I got lost getting to the venue, I circled the building once and stumbled into another event. Turns out I was in the right place the first time, I was just the first person to pitch today so no one else was there early. 


Oops. I did listen to an acupuncture video on mute and found out that I’d look weird if I did non-hand pressure points. So I kneaded my hand some more.  


I felt okay, didn’t need to. No embarrassing bathroom story today. Yay!


So, I’m called into the room. I sat at a table, which I hadn’t expected. I was planning for shoulders-back power poses when standing up and pitching. I was relieved to see a table, but I think I hid behind it and didn’t think about my shoulders. I think this lead to my defensive pitch approach. I couldn’t keep my eyes off my page, reading off of it too quickly with a robotic voice. I only looked up a handful of times.  

There’s a lesson here. I will never bring hold the page during the page again, I turned into an extra-awkward mode. I think eye contact, spontaneity, and the connection are worth anything you might forget when pitching off-book.  


I did! Kinda. Because I was there so early, I had more time to focus on this. I waited in a room by myself where I paid attention to my breathing, tried to slow myself down, and pressed that acupuncture point beside my thumb. My heart was still wild, but when people joined me, I felt closer to molasses, which was my goal.  


Whoops forgot this one. I like it though, my favorite pitches from the finalists were conversational.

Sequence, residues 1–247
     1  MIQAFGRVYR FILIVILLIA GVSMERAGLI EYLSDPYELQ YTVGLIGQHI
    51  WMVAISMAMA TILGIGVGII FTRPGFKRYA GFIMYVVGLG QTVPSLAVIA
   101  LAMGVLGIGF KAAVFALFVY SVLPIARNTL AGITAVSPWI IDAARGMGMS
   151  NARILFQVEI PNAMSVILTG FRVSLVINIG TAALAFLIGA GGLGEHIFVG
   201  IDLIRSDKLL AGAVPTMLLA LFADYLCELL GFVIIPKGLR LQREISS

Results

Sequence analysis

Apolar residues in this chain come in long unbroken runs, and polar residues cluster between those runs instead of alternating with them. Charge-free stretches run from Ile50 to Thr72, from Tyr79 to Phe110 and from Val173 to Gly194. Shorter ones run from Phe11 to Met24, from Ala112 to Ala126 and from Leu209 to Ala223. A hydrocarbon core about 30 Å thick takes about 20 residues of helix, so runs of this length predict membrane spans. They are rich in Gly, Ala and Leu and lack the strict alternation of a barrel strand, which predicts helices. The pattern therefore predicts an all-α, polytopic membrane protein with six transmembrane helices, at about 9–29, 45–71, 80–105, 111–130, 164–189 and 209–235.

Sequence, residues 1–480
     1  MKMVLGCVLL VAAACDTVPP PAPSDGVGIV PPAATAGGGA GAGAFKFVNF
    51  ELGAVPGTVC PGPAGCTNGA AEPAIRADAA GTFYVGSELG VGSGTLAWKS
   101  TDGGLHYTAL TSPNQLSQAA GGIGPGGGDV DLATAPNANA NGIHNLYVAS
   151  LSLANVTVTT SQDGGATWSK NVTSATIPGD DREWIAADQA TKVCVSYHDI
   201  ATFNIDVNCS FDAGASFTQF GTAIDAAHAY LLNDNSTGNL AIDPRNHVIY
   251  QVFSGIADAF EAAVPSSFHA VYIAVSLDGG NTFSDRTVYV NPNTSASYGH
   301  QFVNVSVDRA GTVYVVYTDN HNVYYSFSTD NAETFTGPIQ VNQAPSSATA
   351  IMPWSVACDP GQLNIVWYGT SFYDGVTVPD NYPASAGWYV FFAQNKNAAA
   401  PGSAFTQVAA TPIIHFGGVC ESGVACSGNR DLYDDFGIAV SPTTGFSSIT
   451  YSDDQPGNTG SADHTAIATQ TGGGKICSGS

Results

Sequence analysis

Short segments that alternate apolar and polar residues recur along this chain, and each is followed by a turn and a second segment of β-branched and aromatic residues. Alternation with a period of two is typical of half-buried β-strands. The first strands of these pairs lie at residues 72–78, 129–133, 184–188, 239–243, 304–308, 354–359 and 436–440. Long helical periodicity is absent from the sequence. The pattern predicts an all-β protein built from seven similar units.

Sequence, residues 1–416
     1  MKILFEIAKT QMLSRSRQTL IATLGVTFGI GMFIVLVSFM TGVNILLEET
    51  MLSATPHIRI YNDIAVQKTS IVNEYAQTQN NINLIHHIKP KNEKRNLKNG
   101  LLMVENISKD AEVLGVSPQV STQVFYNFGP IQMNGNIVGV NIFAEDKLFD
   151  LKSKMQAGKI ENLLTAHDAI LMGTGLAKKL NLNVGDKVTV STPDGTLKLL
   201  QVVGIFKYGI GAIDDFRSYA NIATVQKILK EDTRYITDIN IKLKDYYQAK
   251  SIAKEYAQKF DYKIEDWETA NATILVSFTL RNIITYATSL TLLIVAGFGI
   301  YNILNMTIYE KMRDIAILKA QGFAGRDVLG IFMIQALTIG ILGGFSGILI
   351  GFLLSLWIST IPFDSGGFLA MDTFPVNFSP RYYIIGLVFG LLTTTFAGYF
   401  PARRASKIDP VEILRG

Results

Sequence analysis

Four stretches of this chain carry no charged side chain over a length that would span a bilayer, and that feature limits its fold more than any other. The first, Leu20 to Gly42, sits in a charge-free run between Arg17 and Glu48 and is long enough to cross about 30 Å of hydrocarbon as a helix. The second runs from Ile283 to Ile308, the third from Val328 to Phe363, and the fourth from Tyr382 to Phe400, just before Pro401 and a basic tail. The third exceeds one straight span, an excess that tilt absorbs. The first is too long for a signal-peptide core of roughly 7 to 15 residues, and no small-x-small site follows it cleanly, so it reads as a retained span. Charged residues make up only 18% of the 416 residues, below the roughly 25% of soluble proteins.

I was good with this one! I liked the judges, but I didn’t know enough about them to be intimidated.  


The good part! I got great notes. The first one was that my story was effing original, which was delightful to hear.  They were confused about the main character. I interrupted, asking if I should state that it’s a two-hander. (I already didn’t follow my humble lesson from yesterday. I will do better next time. Also, I will be nicer to myself.) This character note turned into a suggestion that was genius. I’m going to incorporate it. I got another compliment on the film’s end and philosophy. I hope I said thank you, the judges were awesome.  


The 10 finalists were spectacular.  Most of them were charismatic people with clever plots and managed to make something well-rehearsed look natural. It was delightful to watch them connect with the judges and audience. I especially enjoyed a pitch by Carrie Schrader, where she told a charming story and made it look effortless. She mentioned after that she had been shaking, and I hadn’t noticed. The winners were fabulous, and told stories I hadn’t heard before. Congrats to the winners and finalists! They were so much fun to watch, I’ve decided that pitching is officially a skill I admire, and I’m going to work harder at it.  

More lessons. The best pitches were shorter, so I’ll cut mine in half, and I’ll make it looser and not so plot-driven.  

So I have pitched officially for the first time!  I’m planning on making it a habit, get better, and have fun around the way.  I chilled out immediately after pitching, I feel a lot better now.  I didn’t know that was such a major stressor compared to the other swirl of things going on.  One more day of ScreenCraft to go! Whoa.   

Charlotte Stauffer is an Atlanta-born screenwriter.  She’s currently working at the Georgia Film Academy, and running a table read series called The Page On Stage with the Atlanta Film Society.